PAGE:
Earth just got its very first up-close look at Jupiter, and she sure is a beauty.
The shot shows some of the atmospheric features on the massive planet, including its infamous Great Red Spot–the location of an epic storm that’s been raging for centuries. Three of Jupiter’s four largest moons can also be seen, including Europa.
The shots are courtesy of NASA’s Juno Spacecraft, which was launched in 2011. It’s sole mission was to get closer to Jupiter than we ever have before. And it only recently arrived all these years later (the image above was taken from 4.3 million kilometres away).
Even though the $1.1 billion probe was headed for the largest planet in our solar system, getting there certainly wasn’t easy. Jupiter is basically like a real life version of the Death Star. Because of the speed at which the planet spins (it takes only 10 hours to complete a rotation), combined with Jupiter’s strong force of gravity, the planet essentially flings nearby space rocks and other debris in all directions–in other words, at Juno. It also blasts all objects (re: Juno) that near its surface with an amount of radiation equivalent to getting 100 million dental X-rays at once. Did we also mention the lung-clogging supply of methane and ammonia in its atmosphere?
Yeah, rough ride.
Yet somehow, despite all odds, the little spacecraft that could entered Jupiter’s atmosphere last week and gracefully slipped into its orbit.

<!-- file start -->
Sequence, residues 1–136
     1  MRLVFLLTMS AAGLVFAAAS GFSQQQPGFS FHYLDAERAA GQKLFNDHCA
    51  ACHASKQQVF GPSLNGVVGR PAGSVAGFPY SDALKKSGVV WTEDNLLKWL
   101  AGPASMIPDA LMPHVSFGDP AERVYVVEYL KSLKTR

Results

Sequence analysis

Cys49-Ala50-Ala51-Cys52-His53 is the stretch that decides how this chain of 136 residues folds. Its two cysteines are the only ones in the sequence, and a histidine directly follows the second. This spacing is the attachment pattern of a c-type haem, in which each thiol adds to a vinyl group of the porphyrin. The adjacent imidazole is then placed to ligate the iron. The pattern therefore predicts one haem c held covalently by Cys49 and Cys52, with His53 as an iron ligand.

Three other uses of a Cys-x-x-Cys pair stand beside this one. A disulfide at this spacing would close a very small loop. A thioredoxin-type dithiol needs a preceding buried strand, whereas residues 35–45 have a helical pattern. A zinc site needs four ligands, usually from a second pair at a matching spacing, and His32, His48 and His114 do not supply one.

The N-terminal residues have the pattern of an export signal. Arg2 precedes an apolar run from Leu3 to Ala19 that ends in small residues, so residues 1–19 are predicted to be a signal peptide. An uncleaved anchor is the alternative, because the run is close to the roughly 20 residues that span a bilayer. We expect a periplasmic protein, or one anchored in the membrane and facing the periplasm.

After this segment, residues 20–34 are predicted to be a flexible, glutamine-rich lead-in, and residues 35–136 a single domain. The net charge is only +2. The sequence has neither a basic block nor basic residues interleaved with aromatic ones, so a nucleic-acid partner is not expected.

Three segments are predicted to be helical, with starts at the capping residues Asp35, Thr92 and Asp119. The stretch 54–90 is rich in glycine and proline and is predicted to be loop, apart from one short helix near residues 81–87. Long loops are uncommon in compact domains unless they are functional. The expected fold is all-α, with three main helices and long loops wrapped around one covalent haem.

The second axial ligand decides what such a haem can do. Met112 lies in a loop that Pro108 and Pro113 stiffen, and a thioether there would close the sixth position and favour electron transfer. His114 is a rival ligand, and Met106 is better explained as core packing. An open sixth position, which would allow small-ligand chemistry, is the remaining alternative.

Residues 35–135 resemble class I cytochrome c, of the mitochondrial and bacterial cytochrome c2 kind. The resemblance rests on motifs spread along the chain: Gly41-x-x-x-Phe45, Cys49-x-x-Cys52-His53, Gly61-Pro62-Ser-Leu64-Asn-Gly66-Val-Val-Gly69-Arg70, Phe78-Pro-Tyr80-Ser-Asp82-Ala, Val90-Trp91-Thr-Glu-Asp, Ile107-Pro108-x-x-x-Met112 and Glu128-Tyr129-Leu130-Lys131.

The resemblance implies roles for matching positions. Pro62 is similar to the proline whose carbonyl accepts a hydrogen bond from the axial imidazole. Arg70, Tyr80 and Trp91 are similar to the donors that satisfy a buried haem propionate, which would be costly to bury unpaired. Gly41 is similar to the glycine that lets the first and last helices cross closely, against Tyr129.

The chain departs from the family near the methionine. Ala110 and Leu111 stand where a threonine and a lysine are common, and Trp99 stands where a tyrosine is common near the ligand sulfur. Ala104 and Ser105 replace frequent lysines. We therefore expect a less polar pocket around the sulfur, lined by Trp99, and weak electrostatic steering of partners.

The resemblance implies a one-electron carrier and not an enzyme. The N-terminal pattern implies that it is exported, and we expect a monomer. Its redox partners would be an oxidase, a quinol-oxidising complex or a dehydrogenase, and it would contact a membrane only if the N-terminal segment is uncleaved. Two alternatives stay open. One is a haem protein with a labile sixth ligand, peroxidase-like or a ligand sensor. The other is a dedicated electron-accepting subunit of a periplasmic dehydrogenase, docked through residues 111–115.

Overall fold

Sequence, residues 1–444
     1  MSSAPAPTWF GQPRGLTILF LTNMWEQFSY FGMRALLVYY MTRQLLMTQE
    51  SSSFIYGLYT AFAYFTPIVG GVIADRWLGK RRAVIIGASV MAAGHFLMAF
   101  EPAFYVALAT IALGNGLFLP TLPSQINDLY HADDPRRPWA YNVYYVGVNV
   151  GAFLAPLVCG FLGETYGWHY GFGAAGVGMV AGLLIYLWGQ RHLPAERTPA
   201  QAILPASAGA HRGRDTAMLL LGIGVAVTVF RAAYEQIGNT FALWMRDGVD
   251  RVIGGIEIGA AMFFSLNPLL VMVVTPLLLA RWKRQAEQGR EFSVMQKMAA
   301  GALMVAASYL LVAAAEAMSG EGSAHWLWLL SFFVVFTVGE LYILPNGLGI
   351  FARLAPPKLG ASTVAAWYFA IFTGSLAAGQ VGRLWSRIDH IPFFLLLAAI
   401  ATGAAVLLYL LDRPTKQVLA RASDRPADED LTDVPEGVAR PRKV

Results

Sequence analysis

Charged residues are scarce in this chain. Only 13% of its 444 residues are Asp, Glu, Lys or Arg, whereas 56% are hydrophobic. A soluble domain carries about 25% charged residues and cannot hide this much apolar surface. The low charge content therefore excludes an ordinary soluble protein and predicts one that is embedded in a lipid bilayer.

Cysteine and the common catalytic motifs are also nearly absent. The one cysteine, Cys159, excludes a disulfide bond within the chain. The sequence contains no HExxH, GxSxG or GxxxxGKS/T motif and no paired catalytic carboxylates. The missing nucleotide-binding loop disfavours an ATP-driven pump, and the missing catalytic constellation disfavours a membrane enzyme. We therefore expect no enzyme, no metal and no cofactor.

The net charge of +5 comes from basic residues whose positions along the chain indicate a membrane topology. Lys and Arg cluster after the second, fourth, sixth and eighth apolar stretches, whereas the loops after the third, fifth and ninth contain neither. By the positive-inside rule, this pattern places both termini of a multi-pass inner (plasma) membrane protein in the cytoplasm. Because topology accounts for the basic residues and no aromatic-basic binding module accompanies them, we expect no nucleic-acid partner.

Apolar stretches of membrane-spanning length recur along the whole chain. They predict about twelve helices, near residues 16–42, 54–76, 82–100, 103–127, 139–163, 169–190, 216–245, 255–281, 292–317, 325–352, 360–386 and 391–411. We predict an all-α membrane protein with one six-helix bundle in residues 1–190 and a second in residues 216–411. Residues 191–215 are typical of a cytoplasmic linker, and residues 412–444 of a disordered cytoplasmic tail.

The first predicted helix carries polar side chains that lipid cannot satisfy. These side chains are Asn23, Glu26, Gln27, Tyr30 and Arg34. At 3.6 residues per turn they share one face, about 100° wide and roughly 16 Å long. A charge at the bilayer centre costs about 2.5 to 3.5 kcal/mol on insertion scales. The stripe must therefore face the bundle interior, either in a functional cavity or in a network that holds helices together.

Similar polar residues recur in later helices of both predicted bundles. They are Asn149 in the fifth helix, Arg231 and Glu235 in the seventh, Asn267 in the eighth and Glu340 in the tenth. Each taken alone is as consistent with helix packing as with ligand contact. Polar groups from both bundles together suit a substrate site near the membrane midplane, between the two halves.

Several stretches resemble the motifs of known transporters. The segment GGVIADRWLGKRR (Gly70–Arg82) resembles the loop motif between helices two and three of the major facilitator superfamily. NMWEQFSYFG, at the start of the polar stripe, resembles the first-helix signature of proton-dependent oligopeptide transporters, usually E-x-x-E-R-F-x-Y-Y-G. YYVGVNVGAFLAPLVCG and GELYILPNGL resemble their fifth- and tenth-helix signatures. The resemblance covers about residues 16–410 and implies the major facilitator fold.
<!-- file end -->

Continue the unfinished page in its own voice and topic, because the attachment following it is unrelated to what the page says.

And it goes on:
“We’re there. We’re in orbit. We conquered Jupiter,” Juno chief scientist Scott Bolton said during a post-mission briefing.
The reason NASA is so intrigued by Jupiter is because it could hold many answers about Earth and the solar system around us. Jupiter is believed to be one of the first planets that formed in the Milky Way, and could hold clues to what may have created Earth. They also want to know how much water exists, and if the planet has a solid core.
Additionally, scientists want to know why Jupiter’s infamous mark–its giant red spot–has been shrinking. After all, it’s now about half the size it was in the late 1800s.
Juno will scope out the planet in an effort to shed some light on these mysteries right up until 2018. After that, the probe will self destruct. That’s NASA’s way of
saying thanks preventing Juno from crash-landing on one of Jupiter’s moons, which are believed to be some of the most promising places when it comes to the possibility of finding life outside of Earth.
You can learn more about the mission in the video above.